Art by Ally Armstrong
Several Armenian students at Pepperdine responded in disbelief to reports of Turkish flags hanging from their alma maters. “When I first saw the pictures of the flags on my school, I couldn’t believe it … I couldn’t believe that in this day and age, people would do such a stupid, childish and hateful thing like this,” wrote sophomore Shant Ganoumian via an email interview. In 1915, the Ottoman Empire (modern-day Turkey) began a murderous campaign now known as the Armenian Genocide, which killed over 1.5 million Armenians. This atrocity is one that Turkey continues to deny.
These incidents of hate crime in the United States have been on the rise for the past few years, leading many to wonder what steps need to be taken in order to reverse this dangerous trend. Such deliberate actions of hate should not be countered with equal vileness, as this would ensure the country will be thrown into chaos. Rather, people should seek routes that aim to degrade the ignorance that usually fuels this hatred. Pepperdine’s unity in the face of hate and tragedy should serve as a model for moving forward.
Pepperdine defines “hate crime” as, “Crimes manifesting evidence of prejudice based on gender, race, religion, sexual orientation, disability, or ethnicity.” With this classification, it becomes apparent as to why the Trump presidency has seen such an increase in hate incidents. From mocking a reporter with a disability to pursuing a ban on individuals from Muslim-majority nations, President Donald Trump’s reckless behavior seems to be sending a message that such conduct is tolerable.
This increase in hate crimes can be attributed to the lack of strong opposition from prominent leaders in the nation. “Presidents from Ronald Reagan in the 1980s through Barack Obama would take public stands against hate crimes. President Donald Trump … hasn’t done so,” according to the Southern Poverty Law Center in a recent article.
In the rare instances of condemnation, President Trump would still hesitate from placing the blame on perpetrators. Following the tragedy in Charlottesville, Trump said there was blame on “both sides” concerning the violence that led to the death of Heather Heyer, despite the fact that the murderer was a member of the alt-right. Two state troopers were also killed in a helicopter crash while covering the rally.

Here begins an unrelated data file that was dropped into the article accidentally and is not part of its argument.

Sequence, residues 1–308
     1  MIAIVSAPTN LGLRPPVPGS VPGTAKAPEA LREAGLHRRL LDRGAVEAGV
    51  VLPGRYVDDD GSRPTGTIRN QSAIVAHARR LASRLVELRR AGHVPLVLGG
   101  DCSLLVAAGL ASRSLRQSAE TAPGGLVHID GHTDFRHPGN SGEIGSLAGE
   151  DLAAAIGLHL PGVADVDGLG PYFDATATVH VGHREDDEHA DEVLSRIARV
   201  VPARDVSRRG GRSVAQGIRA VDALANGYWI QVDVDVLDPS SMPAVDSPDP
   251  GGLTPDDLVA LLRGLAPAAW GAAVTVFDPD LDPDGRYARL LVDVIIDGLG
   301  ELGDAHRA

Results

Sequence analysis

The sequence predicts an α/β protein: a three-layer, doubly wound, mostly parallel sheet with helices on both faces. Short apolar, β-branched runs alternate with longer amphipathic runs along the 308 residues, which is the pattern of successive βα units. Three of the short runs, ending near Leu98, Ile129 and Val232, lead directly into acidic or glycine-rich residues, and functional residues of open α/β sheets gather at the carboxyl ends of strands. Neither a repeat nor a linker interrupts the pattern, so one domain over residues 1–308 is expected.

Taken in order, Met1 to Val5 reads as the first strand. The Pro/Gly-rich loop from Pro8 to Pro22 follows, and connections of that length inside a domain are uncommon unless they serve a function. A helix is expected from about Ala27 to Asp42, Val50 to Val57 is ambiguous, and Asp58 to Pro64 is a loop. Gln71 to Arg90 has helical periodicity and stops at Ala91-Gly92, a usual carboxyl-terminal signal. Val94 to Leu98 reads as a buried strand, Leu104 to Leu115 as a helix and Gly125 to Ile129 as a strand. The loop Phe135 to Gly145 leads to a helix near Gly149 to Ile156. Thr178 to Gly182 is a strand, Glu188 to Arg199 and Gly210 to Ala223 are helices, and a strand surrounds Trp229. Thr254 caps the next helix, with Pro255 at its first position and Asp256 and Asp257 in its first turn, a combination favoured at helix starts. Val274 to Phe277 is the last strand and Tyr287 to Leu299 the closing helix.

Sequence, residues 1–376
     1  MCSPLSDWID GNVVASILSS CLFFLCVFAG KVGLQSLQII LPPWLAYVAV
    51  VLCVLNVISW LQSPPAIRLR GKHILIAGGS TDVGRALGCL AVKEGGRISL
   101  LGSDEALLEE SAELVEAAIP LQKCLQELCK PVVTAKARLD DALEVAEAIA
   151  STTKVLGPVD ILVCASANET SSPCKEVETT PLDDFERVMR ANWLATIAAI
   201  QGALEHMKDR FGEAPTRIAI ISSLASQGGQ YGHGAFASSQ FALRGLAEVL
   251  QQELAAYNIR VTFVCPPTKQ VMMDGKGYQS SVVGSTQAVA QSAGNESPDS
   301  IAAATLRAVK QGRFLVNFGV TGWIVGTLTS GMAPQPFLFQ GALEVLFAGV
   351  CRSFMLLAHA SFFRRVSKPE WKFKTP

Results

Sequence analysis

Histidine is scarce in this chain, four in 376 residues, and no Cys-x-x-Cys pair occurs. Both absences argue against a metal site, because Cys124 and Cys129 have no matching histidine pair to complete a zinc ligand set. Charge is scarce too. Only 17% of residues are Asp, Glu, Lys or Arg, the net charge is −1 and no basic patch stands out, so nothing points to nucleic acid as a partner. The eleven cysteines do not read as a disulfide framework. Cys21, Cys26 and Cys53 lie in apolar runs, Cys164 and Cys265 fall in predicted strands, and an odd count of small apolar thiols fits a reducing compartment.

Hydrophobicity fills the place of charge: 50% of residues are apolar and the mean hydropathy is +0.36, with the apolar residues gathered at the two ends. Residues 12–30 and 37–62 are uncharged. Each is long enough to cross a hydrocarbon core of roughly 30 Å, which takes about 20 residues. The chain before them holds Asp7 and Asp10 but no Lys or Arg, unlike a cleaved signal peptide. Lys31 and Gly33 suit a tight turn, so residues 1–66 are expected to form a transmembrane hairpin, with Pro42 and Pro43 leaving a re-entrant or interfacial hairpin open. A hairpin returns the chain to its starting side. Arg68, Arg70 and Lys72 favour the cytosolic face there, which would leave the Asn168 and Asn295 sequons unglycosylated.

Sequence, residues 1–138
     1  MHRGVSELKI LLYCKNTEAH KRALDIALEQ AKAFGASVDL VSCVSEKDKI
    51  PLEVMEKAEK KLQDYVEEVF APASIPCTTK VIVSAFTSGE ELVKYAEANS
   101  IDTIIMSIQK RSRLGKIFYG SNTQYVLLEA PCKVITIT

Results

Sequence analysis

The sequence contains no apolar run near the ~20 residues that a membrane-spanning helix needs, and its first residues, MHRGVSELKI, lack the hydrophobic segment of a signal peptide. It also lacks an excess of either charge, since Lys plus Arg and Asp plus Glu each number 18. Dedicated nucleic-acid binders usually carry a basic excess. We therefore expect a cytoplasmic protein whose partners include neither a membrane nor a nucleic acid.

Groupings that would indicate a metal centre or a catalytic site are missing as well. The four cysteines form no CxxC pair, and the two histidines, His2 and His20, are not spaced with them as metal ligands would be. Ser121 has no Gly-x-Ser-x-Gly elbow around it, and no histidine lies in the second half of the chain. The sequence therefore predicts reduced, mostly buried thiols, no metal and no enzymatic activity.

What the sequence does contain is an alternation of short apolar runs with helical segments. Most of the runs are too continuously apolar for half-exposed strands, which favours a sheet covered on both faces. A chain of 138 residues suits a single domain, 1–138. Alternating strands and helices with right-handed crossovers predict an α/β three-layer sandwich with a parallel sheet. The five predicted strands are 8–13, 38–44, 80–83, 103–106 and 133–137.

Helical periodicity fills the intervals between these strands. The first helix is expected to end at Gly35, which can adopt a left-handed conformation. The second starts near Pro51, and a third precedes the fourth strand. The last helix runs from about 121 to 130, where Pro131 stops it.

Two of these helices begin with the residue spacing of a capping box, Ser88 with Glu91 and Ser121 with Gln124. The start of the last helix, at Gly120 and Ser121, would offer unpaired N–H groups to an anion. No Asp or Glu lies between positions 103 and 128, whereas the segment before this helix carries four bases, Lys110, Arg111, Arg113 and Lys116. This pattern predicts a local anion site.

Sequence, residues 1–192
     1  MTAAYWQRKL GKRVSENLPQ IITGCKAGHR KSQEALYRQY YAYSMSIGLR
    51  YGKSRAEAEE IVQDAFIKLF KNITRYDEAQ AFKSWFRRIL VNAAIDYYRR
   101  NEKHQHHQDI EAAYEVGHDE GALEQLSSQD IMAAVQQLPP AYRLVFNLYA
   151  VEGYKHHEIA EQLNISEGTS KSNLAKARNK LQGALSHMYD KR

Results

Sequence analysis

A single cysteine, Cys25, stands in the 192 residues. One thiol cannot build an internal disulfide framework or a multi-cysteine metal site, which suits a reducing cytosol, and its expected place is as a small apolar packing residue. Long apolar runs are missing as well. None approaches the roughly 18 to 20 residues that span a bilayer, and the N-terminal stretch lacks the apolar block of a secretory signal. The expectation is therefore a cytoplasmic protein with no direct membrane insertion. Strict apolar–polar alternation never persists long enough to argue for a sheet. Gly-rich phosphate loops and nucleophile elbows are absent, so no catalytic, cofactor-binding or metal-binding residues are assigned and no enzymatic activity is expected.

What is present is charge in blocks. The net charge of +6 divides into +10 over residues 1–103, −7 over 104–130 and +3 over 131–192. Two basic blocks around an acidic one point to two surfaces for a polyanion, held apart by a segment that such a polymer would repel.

In the face of such unwarranted hate, it can be difficult to compose oneself and construct a peaceful response. The first step, in any case, should be to report the incident. The FBI gives credit to about 1,000 police departments who are now choosing to report hate crimes, hence allowing for a more in-depth analysis of the significance of this issue. Reporting such an issue brings awareness to a topic that needs be brought to the attention of leaders. Once leaders are made aware of how prevalent these crimes are, they can then begin to consider serious courses of action.
Pepperdine students should continue to show their strength through unity and by bringing awareness to hate issues they perceive on campus. “The best we can do as students is spread awareness and educate as many people as we possibly can,” Ganoumian wrote. The Freedom Wall should be utilized by students to voice their concerns as well as spreading awareness to the student body. A continued, unified effort will always prevail against hate.
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